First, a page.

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Publication Detail

Title: The Aryl Hydrocarbon Receptor in Energy Balance: The Road from Dioxin-Induced Wasting Syndrome to Combating Obesity with Ahr Ligands.

Authors: Girer, Nathaniel G; Tomlinson, Craig R; Elferink, Cornelis J

Published In Int J Mol Sci, (2020 Dec 23)

Abstract: The aryl hydrocarbon receptor (AHR) has been studied for over 40 years, yet our understanding of this ligand-activated transcription factor remains incomplete. Each year, novel findings continually force us to rethink the role of the AHR in mammalian biology. The AHR has historically been studied within the context of potent activation via AHR agonist 2,3,7,8-tetrachlorodibenzo-p-dioxin (TCDD), with a focus on how the AHR mediates TCDD toxicity. Research has subsequently revealed that the AHR is actively involved in distinct physiological processes ranging from the development of the liver and reproductive organs, to immune system function and wound healing. More recently, the AHR was implicated in the regulation of energy metabolism and is currently being investigated as a potential therapeutic target for obesity. In this review, we re-trace the steps through which the early toxicological studies of TCDD led to the conceptual framework for the AHR as a potential therapeutic target in metabolic disease. We additionally discuss the key discoveries that have been made concerning the role of the AHR in energy metabolism, as well as the current and future directions of the field.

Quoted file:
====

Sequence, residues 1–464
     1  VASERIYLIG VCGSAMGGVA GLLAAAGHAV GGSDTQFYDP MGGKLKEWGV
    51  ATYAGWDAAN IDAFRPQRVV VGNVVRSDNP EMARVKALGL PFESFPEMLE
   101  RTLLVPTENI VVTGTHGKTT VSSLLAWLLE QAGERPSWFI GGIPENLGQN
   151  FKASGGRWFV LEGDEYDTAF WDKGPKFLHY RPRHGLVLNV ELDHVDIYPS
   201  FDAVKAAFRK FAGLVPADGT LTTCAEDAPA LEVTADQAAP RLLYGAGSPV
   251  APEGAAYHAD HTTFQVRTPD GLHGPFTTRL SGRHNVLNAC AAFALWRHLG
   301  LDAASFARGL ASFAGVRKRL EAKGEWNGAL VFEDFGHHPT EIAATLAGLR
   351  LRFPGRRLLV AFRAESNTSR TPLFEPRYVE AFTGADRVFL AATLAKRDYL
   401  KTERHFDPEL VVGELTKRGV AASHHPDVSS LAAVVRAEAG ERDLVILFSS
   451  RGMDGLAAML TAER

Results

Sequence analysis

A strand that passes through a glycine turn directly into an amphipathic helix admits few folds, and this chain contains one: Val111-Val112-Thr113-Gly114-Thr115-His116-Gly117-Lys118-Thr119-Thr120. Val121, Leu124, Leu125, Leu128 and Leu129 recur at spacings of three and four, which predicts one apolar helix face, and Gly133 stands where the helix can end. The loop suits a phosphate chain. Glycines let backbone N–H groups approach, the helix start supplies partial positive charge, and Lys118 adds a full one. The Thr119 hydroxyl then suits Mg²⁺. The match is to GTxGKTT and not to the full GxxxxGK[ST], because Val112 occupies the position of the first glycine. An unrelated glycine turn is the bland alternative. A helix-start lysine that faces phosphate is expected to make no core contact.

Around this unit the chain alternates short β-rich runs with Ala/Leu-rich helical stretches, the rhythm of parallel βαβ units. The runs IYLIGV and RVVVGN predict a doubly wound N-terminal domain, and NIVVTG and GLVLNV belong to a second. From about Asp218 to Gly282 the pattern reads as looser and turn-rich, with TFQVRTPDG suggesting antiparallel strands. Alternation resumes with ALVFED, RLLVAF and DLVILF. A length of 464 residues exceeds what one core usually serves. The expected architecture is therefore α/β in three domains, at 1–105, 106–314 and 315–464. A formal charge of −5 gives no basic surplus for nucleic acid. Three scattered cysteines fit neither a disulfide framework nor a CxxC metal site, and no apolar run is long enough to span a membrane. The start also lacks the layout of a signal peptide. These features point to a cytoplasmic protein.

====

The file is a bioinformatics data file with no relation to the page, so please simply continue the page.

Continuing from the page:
PubMed ID: 33374508 Exiting the NIEHS site

MeSH Terms: Animals; Dioxins/adverse effects; Disease Models, Animal; Disease Susceptibility; Drug Development; Energy Metabolism*/genetics; Gene Expression Regulation; Humans; Ligands; Mice, Transgenic; Molecular Targeted Therapy; Obesity/drug therapy; Obesity/etiology; Obesity/metabolism; Polychlorinated Dibenzodioxins/adverse effects; Receptors, Aryl Hydrocarbon/antagonists & inhibitors; Receptors, Aryl Hydrocarbon/genetics; Receptors, Aryl Hydrocarbon/metabolism*; Wasting Syndrome/etiology; Wasting Syndrome/metabolism

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